Jane's Story

As the General Counsel and Corporate Secretary for Finning and leader of Finning’s global legal team, Jane Murdoch works hard to find the right balance to manage workload and support her team and has some good advice on finding a mentor. “Don’t judge a book by its cover,” says Jane. “Support in the workplace comes in many shapes and forms, even unexpected ones.”

Prior to joining Finning, Jane had a variety of experiences with mentors, some had a lot of potential and talked the talk, but didn’t necessarily practice what they preached. “There would be times I would work with a senior lawyer who said they supported work-life balance and quality family time but then they would place expectations on me that didn’t always line up – last minute requests at 6pm or late-night emails requiring a reply,” she recalls. As a younger lawyer just coming back from maternity leave, working without flexibility and support was a challenge. “I wasn’t under any illusion that law wasn’t a challenging career that would require me to work some nights and weekends, but as a new mom, it was hard for me to rearrange child care last minute. It really made me think hard about who I saw as a mentor and who I wanted to work with.”

Jane later worked with a law partner who was known for his billable hours and demanding ways and she had some apprehension about facing the same kinds of challenges. “I knew his home life looked different from mine and I was skeptical about our working relationship at first, but his actions showed me he respected my time. If I had to work late or on the weekends, there would be ample notice so I could plan ahead. That understanding made me want to work harder, get results and learn all that I could from him as a leader.”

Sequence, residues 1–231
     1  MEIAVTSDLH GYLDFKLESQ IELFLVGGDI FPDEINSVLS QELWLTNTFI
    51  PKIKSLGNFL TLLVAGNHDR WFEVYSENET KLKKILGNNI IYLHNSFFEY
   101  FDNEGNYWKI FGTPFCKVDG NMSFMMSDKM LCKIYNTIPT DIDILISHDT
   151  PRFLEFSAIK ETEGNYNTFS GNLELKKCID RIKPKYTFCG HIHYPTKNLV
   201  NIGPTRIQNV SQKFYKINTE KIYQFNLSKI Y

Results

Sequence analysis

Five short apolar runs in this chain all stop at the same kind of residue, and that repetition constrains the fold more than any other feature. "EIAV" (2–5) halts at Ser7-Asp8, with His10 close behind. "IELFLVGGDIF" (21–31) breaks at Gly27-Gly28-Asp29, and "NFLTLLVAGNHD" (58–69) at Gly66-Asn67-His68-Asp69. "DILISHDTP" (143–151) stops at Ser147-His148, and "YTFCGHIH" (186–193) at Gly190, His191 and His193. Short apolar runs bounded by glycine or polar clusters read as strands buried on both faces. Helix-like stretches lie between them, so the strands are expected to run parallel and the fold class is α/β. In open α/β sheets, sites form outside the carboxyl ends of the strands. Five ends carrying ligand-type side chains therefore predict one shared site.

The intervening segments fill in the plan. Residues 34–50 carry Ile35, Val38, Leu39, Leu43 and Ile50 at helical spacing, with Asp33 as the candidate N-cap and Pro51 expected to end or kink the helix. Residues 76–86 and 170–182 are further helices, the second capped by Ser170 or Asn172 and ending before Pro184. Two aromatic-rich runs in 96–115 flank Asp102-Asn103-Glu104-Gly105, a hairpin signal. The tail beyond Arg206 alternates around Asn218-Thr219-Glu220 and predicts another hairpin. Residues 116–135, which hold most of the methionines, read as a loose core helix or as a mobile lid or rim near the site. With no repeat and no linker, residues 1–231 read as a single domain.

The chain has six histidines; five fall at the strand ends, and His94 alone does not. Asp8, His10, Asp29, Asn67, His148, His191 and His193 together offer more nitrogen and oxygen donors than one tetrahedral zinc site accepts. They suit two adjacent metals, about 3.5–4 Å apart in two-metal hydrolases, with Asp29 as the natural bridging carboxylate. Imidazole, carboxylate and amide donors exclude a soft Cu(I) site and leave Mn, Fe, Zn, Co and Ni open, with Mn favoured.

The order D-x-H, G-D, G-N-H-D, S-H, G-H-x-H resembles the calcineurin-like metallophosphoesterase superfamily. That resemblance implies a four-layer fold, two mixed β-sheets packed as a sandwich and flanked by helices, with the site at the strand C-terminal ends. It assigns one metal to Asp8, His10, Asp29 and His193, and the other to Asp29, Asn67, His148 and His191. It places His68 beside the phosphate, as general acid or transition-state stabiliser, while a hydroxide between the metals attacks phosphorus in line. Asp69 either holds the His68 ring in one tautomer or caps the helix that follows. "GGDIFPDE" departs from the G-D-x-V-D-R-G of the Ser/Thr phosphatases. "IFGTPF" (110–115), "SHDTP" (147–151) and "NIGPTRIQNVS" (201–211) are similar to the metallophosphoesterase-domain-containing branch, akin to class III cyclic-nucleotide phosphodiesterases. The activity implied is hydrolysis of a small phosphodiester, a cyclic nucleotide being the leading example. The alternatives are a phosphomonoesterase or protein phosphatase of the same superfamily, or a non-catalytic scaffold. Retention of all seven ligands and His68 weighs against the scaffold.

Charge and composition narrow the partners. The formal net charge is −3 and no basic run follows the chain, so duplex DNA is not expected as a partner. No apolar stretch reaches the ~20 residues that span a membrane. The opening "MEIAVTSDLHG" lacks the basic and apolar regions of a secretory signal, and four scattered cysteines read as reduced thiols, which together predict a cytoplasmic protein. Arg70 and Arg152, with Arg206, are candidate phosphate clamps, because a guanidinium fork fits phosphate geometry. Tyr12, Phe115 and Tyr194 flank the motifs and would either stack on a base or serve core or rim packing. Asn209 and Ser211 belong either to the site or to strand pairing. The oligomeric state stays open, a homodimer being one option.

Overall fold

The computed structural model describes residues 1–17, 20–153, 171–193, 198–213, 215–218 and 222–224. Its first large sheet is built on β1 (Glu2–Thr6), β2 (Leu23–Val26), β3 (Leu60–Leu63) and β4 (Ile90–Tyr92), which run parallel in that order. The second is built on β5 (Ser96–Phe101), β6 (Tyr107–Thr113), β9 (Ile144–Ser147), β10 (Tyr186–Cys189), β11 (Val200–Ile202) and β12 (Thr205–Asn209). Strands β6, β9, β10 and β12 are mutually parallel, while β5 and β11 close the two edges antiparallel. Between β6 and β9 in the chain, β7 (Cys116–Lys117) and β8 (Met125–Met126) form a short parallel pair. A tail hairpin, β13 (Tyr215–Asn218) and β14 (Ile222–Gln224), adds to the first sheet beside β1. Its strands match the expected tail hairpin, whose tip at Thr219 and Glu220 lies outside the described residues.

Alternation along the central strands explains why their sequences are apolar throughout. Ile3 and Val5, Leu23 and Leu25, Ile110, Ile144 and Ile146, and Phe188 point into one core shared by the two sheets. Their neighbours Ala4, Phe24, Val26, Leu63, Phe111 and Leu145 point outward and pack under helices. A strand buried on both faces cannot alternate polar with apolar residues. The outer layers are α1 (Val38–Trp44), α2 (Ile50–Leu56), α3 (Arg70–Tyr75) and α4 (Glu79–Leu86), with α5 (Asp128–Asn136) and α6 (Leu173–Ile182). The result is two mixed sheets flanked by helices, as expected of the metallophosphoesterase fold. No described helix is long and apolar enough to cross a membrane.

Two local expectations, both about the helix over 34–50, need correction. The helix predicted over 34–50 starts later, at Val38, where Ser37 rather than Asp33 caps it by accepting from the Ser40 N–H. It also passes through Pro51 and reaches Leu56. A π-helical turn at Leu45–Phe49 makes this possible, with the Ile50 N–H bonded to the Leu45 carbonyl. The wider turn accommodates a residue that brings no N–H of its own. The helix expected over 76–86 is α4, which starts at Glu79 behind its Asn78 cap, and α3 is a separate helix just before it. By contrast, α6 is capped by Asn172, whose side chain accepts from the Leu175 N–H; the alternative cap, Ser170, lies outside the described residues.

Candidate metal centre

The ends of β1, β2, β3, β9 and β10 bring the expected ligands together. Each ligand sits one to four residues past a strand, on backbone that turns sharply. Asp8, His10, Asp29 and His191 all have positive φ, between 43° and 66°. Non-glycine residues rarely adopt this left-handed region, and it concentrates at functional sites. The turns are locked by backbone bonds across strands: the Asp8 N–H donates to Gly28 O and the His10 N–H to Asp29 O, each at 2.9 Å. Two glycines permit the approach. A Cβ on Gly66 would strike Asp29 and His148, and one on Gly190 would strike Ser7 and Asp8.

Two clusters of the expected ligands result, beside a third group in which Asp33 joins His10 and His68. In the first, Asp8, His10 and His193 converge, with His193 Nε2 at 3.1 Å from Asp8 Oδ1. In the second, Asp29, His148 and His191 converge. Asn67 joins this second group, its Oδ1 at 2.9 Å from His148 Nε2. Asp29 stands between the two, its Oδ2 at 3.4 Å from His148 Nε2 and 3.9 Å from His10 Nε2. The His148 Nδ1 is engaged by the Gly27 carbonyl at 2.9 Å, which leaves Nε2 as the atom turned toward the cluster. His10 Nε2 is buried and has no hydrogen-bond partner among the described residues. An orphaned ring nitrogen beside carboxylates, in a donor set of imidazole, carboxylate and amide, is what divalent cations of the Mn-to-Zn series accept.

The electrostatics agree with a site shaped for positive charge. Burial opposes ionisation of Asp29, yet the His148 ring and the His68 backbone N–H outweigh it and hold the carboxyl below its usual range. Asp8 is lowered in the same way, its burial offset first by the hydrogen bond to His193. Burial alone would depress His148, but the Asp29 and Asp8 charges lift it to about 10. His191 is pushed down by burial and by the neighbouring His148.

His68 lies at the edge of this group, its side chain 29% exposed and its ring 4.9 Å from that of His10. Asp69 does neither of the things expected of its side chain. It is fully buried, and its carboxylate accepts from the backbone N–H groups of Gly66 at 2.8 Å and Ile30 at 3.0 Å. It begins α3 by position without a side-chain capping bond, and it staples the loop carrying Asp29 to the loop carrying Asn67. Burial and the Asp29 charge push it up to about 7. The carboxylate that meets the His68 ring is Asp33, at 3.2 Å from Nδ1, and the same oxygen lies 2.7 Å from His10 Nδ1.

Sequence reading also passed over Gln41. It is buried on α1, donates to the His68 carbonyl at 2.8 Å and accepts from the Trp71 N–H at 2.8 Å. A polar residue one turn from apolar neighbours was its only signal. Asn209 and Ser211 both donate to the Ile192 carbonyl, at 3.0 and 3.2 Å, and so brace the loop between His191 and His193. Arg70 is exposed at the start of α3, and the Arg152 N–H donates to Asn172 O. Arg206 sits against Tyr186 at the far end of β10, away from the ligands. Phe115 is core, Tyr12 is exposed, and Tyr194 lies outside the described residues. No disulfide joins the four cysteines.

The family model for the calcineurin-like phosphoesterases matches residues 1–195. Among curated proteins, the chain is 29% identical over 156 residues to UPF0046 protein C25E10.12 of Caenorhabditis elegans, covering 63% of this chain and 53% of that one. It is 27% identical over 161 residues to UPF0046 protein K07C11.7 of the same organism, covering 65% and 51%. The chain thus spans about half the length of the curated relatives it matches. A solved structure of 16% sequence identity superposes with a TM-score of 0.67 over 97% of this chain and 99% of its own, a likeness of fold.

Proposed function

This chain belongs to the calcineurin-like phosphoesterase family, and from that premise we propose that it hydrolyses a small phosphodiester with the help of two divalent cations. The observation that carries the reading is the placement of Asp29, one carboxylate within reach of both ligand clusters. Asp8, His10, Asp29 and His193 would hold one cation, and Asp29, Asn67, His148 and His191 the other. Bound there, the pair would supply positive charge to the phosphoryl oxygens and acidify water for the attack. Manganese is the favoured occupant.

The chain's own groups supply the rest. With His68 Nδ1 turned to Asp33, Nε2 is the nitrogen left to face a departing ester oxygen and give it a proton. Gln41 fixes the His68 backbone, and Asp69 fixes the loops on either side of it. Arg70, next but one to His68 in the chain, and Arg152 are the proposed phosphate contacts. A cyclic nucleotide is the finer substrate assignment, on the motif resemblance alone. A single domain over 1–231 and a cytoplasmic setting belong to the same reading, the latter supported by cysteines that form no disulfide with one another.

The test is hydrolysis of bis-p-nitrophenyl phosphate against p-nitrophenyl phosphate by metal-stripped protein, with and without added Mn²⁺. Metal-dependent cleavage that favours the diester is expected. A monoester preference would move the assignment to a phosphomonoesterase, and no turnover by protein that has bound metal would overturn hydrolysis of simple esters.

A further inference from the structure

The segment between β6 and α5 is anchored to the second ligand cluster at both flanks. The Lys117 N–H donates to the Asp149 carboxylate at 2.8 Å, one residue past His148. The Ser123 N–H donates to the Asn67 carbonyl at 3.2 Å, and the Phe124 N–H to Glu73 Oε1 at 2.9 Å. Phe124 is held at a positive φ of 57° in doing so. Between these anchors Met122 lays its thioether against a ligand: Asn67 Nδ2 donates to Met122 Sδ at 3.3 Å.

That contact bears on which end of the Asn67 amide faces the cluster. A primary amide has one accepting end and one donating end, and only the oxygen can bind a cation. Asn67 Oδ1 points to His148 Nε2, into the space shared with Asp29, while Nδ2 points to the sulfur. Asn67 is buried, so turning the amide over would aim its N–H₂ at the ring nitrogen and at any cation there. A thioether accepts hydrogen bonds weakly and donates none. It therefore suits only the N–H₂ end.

She learned two things: a good mentor understands and supports setting boundaries and that her leader’s acceptance of where she was in her family life helped intensify her overall career focus. The second takeaway was how a simple question rather than a demand for someone’s time can drive motivation.

As a result of these experiences, Jane understands the need to support young families starting to build their careers and to build teams with diverse opinions, experiences and backgrounds. “We’ve come a long way from where I first started in the world of law. At Finning, for example, we have the flexibility to work from home. I trust my team to get the work done because we are connected by the technology at our disposal.”

Outside of Finning, Jane has volunteered her time as a mentor through the Canadian Bar Association and informally. She says it’s not the length of time or formal relationships that make mentorships successful. “It’s someone’s willingness to meet new people and build a broad network. And it’s not just the mentee who gains from the relationship. I learned the most when I was open to discussing challenges and hearing different perspectives from people in various stages of their careers and I apply this knowledge every day.”